"This hearing is about accounting rules," said Ed Burwell, spokesman for Exxon Corp., which owns about 20 percent of the pipeline system. "They are not talking about (the spill) in the same way that you or I would talk about it."
Burwell said that claiming the settlement cost as an ordinary operating expense is the only way to recover the money because the settlement does not meet regulators' definition of extraordinary expense.
Paul Laird, spokesman for BP Exploration (Alaska) Inc., which owns about 50 percent of the pipeline system, agreed. He said that what Walker was reciting was an accountant's view of the world.
"I'm sure he didn't mean that the spill was ordinary and routine," he said. "Certainly no one at BP or the other owner companies believe the spill was ordinary and routine."
Arco's transportation subsidiary, a 20 percent owner of the pipeline system, went a step further. It said in a prepared statement what Walker and other owner witnesses in the regulatory proceeding seemed to be studiously trying to avoid saying.
"The Exxon Valdez spill was an extraordinary event," Arco said. "There was nothing normal or routine about it."
Asked to state their positions on Alyeska's claims, and on whether the state should continue to oppose them, all but one of five candidates for governor declined to comment or didn't respond. The only one to answer, the Green Party's Jim Sykes, said the owner companies are trying to use semantics as cover for escaping any penalty for the spill.
"For them to argue that a spill of this magnitude is ordinary is pure hogwash," Sykes said. "A major spill of this sort is not routine."
Sykes suggested that one way such settlements might be constructed to prevent the owners from recovering their costs is through the seizure of company stock that would give spill victims a voice in the company's future operations.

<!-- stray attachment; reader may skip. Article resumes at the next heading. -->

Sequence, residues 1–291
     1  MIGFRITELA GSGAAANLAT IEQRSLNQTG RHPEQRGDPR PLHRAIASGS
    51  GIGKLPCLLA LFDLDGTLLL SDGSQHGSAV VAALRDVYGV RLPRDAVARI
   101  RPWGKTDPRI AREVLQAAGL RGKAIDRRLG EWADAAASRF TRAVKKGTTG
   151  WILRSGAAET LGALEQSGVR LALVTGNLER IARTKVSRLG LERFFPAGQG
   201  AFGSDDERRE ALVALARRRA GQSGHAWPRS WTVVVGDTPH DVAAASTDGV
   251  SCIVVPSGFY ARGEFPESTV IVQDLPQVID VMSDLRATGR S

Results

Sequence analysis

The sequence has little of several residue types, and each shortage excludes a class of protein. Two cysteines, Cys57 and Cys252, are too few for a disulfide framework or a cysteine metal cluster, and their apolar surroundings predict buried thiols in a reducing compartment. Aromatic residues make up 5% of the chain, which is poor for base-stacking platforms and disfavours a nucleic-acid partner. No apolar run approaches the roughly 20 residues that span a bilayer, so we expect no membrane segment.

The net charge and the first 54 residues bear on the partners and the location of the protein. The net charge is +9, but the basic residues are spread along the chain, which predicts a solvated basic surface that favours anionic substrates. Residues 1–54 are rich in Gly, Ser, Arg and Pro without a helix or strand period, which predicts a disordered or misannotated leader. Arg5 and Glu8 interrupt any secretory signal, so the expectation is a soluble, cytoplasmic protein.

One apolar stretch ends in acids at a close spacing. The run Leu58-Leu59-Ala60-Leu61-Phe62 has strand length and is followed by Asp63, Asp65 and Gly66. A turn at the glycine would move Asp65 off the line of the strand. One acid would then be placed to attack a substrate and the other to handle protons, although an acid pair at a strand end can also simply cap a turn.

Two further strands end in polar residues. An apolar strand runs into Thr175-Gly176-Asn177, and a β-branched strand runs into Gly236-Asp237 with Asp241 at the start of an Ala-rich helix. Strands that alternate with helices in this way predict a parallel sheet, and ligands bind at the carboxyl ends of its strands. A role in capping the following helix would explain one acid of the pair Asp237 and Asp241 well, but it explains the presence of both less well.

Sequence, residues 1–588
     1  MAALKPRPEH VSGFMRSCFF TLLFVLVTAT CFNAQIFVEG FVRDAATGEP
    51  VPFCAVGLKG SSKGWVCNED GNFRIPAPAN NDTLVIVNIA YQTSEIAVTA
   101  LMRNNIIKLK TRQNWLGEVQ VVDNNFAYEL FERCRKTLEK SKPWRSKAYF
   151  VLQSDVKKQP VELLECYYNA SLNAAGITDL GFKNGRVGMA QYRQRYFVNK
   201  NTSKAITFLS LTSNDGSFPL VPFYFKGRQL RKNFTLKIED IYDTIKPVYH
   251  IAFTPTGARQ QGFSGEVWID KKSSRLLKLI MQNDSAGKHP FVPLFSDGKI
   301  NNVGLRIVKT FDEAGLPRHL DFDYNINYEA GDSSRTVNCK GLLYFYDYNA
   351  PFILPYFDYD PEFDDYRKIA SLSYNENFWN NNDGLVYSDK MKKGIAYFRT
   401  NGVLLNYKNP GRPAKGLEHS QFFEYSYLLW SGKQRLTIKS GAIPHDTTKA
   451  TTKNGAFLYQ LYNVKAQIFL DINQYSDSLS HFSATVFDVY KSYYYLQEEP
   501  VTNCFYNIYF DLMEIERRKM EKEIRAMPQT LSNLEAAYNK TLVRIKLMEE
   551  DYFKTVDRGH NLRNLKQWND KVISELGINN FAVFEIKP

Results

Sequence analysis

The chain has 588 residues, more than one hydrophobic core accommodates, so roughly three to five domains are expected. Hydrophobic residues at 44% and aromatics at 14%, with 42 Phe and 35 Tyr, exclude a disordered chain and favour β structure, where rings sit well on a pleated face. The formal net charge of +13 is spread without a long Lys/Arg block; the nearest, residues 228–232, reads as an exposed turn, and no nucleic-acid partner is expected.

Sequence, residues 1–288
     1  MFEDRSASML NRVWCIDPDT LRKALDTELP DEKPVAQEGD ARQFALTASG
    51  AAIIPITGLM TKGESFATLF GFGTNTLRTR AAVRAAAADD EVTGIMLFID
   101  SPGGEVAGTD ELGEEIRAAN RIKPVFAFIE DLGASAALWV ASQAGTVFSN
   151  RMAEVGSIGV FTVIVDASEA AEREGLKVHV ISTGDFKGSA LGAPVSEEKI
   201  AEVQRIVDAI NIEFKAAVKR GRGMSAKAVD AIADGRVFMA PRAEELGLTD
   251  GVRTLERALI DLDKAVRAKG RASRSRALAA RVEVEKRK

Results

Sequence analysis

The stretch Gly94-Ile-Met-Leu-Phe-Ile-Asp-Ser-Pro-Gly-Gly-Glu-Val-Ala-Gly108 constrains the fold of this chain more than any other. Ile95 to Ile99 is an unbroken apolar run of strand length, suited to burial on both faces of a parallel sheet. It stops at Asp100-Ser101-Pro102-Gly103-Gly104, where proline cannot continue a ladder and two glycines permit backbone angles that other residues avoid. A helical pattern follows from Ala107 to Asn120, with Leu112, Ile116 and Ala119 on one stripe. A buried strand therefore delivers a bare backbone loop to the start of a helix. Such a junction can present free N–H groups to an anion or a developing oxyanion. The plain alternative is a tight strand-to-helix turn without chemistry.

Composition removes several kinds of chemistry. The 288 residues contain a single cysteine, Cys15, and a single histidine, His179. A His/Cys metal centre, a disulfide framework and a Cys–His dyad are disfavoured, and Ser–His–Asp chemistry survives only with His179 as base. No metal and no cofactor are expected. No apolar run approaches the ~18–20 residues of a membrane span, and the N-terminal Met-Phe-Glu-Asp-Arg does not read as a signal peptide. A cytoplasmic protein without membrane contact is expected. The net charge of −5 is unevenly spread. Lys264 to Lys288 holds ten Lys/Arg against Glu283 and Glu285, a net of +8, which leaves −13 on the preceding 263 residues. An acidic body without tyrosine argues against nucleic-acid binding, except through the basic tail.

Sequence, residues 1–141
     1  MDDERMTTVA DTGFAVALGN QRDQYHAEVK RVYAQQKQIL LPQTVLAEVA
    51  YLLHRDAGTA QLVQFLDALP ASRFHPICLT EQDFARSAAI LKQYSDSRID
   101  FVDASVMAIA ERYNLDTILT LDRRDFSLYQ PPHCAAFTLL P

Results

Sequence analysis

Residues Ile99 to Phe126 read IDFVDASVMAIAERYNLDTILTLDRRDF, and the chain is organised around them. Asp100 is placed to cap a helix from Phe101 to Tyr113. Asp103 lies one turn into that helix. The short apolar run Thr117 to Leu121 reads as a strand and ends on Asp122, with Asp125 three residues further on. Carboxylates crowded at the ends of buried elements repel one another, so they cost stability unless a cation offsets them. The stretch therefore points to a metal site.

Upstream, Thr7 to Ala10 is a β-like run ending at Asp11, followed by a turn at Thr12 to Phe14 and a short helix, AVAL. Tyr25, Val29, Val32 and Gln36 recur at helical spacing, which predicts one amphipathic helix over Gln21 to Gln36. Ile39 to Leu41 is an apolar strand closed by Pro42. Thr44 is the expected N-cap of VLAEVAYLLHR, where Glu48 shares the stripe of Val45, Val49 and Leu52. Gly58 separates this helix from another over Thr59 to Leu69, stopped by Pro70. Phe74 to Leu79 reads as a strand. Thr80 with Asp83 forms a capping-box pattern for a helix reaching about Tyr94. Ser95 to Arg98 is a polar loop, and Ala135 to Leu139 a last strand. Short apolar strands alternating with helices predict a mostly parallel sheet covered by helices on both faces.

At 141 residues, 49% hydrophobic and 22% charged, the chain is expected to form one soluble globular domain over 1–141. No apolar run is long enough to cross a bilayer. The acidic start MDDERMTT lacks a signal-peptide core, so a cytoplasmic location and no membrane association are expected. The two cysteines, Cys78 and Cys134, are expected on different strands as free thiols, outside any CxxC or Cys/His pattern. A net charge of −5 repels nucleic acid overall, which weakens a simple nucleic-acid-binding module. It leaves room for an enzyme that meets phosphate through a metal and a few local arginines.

The state, in its challenge of the tariff hike, thinks the owners can't have it both ways. If the spill was an extraordinary event, the cost of the settlement is not an ordinary business expense.
"The trans-Alaska pipeline system owners want to treat the spill of the century in these regulatory proceedings as being no different than everyday spills of five or 10 gallons," Robert Loeffler, a Washington lawyer representing Alaska, said in an interview.
"The state's position is that this was a unique event which should be treated as an extraordinary expense that cannot be recovered under the TAPS tariffs," he said.
In its own $31 million damage settlement with Alyeska, the state got the pipeline company's agreement not to try to recover that money through tariff increases.
But the $98 million settlement at issue in this case was not with the state, and lawyers for the plaintiffs never bargained for the same deal to keep the costs of the settlement out of the tariff.
The state stands to be the big loser if the hike goes through. The $33 million reduction in its royalties and taxes from Prudhoe Bay operations would cost Alaska more money that it got from the $31 million, 1991 spill settlement.
Anchorage lawyer Lloyd Miller, a lead plaintiffs' attorney on the $98 million settlement, said in an interview from Anchorage that he thinks it's "outrageous" that Alyeska owners are trying to recover the settlement costs "on the backs of consumers" and the state.
But Miller wasn't surprised by the industry's regulatory maneuverings.
"That, too, is ordinary and routine for them," he said.
Miller mentioned Exxon Corporation's attempt to recover through tax write-offs part of the cost of its $1 billion settlement with the state and federal governments for causing the spill.
The tariff dispute was heard by APUC administrative law judge Janis Wilson and FERC administrative law judge Stephen Grossman at a joint hearing. A decision is expected by the end of the year.
Regardless of which side wins, appeals are expected.